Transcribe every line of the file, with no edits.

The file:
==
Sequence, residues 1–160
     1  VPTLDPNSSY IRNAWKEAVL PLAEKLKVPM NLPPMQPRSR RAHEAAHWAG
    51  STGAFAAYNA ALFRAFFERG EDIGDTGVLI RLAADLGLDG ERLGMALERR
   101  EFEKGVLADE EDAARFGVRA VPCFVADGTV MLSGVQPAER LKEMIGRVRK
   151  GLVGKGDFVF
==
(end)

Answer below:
Sequence, residues 1–160
     1  VPTLDPNSSY IRNAWKEAVL PLAEKLKVPM NLPPMQPRSR RAHEAAHWAG
    51  STGAFAAYNA ALFRAFFERG EDIGDTGVLI RLAADLGLDG ERLGMALERR
   101  EFEKGVLADE EDAARFGVRA VPCFVADGTV MLSGVQPAER LKEMIGRVRK
   151  GLVGKGDFVF